Zachery’s highlighting of Maersk as an example of a company with “sustainability and energy-efficiency central to [its] business model” ignores how history typically demonstrates a divergence between these two goals. Certainly Maersk needs to be congratulated relative to an industry who, even assuming its proposed efficiency measures were implemented in full, is set to triple its emissions by 2050 relative to1990 (or double compared with 2010).[1] Lets be clear about this, Maersk, as the best of a bad bunch, is implementing polices that fall a long way short of anything approaching what would be necessary for a 2°C pathway; but they are in good company. All the other firms noted by Zachary could sail a Maersk ship sideways through the gap between their rhetoric and delivery on climate change.

But it is not all down to the companies. Governments are also failing to implement the umbrella of low-carbon policies within which companies could compete on a level(ish) playing field. At the same time, and not withstanding the recent marches and other good work, civil society demonstrates little appetite for anything other than an ongoing increase in its energy and material consumption – and hence in its emissions.

Zachary’s emphasis on the US reducing its emissions by 10% since 2005 demonstrates our desire to hide, even from ourselves, the real story of an inexorable rise in emissions. In the same way that the climate doesn’t care about efficiency, it doesn’t differentiate between the geographical origin of emissions – they all end up in the atmosphere changing the climate. So it is the carbon-profligacy of our lifestyles that matters, not that we have conveniently exported the emissions to another country. This places a different complexion on the issues.[2]. Between 1990 and 2007 the lifestyles of US citizens had, on average, higher emissions year on year – rising by 34% in seventeen years.[3] The reduction that followed was primarily down to the recession and not the consequence of judicious policies on efficiency and emissions by corporate America or the government. Now, with the US economy picking up, so lifestyle emissions are again showing early signs of returning to growth. There is also no meaningful solace to be gained from the US love affair with shale gas. Whilst it may be good for energy security, in terms of emissions the development of shale gas has gone hand in hand with anincrease in the US production of fossil fuels – measured in terms of their carbon emissions (assuming they are combusted).[4]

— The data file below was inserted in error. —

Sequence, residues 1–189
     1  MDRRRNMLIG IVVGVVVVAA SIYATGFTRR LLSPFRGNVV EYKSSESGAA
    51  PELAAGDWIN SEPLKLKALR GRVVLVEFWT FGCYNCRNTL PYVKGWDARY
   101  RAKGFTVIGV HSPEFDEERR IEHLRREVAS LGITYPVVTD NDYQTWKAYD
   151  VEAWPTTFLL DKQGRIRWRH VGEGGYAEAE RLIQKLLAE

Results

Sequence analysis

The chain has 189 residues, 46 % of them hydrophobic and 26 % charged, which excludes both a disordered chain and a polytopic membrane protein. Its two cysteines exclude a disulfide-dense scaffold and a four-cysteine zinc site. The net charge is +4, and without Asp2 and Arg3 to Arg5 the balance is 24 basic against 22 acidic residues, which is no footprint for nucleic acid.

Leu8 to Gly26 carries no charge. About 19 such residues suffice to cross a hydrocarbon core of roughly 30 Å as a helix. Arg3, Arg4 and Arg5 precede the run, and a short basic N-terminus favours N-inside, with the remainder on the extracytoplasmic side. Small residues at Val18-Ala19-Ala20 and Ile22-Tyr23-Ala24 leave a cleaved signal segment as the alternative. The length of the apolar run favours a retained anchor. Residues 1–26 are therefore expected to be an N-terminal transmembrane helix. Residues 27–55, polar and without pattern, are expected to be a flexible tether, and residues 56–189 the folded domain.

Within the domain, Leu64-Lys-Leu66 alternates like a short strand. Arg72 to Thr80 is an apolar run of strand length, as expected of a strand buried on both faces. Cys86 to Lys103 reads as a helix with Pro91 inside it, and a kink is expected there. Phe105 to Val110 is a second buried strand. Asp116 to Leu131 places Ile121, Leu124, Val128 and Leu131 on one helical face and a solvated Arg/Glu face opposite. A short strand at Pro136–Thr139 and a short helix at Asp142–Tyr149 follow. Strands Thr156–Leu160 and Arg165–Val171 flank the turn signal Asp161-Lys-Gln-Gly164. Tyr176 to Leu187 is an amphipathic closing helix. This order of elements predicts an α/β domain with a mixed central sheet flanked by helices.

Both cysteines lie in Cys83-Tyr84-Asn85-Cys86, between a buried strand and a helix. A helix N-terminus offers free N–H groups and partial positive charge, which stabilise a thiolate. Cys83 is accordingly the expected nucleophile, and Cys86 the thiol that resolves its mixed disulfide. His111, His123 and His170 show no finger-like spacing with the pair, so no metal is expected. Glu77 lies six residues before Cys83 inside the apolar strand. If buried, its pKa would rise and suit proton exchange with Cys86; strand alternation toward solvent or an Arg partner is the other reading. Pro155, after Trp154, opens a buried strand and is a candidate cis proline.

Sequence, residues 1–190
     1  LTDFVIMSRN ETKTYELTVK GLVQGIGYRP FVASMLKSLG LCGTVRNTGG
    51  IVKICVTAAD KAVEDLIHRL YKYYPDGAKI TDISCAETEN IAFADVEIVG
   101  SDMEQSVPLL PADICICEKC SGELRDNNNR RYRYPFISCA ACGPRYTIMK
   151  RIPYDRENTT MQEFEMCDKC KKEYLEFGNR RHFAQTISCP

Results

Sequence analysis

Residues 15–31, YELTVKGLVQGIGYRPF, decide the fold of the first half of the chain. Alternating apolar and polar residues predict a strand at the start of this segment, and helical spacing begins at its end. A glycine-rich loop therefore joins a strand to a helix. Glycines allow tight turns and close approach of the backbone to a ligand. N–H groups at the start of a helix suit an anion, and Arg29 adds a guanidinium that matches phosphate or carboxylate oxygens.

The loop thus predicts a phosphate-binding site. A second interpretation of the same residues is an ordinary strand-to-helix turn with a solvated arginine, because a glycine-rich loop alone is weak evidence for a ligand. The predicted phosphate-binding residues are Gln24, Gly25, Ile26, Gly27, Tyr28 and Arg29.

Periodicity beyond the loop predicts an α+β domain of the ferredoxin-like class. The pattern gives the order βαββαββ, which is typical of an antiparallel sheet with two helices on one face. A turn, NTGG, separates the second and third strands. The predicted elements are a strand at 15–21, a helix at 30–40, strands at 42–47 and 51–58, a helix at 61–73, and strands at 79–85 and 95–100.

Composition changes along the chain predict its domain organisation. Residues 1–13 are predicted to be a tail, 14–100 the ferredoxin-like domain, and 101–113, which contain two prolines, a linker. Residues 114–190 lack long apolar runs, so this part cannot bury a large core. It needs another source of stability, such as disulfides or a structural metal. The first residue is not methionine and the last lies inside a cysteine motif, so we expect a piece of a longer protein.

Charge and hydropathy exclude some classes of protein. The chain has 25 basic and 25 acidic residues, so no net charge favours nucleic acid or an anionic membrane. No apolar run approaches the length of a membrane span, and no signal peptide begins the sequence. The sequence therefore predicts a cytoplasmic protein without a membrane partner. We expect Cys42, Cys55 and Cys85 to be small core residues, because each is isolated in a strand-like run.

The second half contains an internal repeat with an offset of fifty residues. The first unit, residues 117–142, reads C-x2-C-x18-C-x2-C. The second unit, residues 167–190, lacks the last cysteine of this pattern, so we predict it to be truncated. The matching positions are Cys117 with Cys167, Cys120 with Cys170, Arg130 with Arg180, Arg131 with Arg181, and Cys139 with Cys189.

So I don’t think Zachary’s arguments that “Naomi Klein Is Wrong” stack up. True to say Naomi does not have all the answers – but who does? Set against even a weak 2°C framing of dangerous climate change, she’s not far off the mark. By contrast to suggest, as Zachary does, that Klein’s rhetoric risks obscuring just how much is being done by large companies around the world to reduce their carbon emissions and environmental footprint” implies a misunderstanding of the timeliness of carbon budgets and their implications for evaluating meaningful action.